Now onto the specifics. When it comes to health and wellbeing, both physiologically and psychologically, meditation has been scientifically proven to help in a variety of different ways, ranging from the lessening of stress, anxiety and pain to the boosting of emotional health, increase in attention span and even in some cases, a decrease in blood pressure.
In this article I’ve decided to list eleven scientifically backed benefits associated with meditation.
Let us begin!
1. Reduces stress
There is sufficient evidence to suggest that meditation in its different forms, mindfulness especially, can lower stress.
Chronic stress is a silent killer. There’s been numerous studies which investigate how different meditation techniques, like mindfulness and TM, can be used against stress and the many harmful effects that often results from stress, like sleep problems, depression, fatigue, high blood pressure and anxiety.
One Australian study from 2018 concluded that workplace induced stress could be effectively countered by mindfulness meditation, after the participants underwent an 8-week mindfulness meditation program specifically suited for them.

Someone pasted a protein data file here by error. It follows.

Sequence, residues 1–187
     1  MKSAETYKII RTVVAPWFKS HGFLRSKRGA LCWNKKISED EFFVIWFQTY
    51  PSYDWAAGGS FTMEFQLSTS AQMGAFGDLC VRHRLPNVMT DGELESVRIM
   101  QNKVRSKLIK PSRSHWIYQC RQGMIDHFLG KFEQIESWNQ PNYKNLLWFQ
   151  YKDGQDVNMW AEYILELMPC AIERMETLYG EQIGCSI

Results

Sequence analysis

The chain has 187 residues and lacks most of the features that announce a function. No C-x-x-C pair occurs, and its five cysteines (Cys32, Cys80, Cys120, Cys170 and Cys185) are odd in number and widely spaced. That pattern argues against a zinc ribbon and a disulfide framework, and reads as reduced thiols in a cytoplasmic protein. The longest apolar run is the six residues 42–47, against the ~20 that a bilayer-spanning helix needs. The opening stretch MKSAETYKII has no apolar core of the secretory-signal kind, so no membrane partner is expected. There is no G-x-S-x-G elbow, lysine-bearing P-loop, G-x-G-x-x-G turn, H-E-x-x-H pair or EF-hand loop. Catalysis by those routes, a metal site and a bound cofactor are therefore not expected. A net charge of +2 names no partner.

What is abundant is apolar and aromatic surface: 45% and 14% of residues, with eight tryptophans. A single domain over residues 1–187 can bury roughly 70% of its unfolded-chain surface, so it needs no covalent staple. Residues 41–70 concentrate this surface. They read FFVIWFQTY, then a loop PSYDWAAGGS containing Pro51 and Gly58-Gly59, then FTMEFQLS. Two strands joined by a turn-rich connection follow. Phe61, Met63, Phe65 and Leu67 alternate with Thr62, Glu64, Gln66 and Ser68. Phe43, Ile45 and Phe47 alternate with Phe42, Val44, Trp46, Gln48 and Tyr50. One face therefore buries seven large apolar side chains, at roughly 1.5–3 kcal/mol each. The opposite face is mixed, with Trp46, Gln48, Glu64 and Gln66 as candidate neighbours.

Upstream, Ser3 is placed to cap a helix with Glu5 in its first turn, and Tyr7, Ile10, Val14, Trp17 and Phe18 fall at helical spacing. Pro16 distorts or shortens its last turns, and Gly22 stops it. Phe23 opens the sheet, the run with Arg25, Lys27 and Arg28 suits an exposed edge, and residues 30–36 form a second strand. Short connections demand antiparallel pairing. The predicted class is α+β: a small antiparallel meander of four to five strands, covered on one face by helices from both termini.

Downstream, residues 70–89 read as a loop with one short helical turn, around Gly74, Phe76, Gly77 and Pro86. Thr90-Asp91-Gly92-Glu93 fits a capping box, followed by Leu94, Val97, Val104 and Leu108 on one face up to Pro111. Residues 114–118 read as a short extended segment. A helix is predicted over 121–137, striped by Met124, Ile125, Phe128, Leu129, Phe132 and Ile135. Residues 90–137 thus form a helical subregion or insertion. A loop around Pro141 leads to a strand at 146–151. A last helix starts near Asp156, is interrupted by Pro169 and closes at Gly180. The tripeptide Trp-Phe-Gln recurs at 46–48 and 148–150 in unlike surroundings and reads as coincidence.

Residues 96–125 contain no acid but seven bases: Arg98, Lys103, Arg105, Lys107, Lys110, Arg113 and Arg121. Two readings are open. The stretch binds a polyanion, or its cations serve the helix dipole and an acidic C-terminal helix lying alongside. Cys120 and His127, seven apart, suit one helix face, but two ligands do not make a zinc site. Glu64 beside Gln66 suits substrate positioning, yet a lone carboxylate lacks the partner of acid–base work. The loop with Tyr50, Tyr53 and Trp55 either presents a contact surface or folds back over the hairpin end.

Another study that included 3515 participants showed that meditation could result in small to moderate reductions of “negative dimensions of psychological stress”, which simply meant anxiety, depression and pain.
2. Relieves anxiety
Anxiety, which troubles many people today, can be benefited through the help of meditation.
One study with 862 participants which compared meditation techniques with relaxation therapies found that both were effective when it came to the treatment of anxiety but that the edge went to the meditation techniques, also from a long term perspective.
Another study which applied a mindfulness meditation program to nursing students suggested that “trait anxiety may decrease with mindfulness meditation.”
3. Can relieve depression
Depression and depressive symptoms may be lessened through the use of different meditation techniques.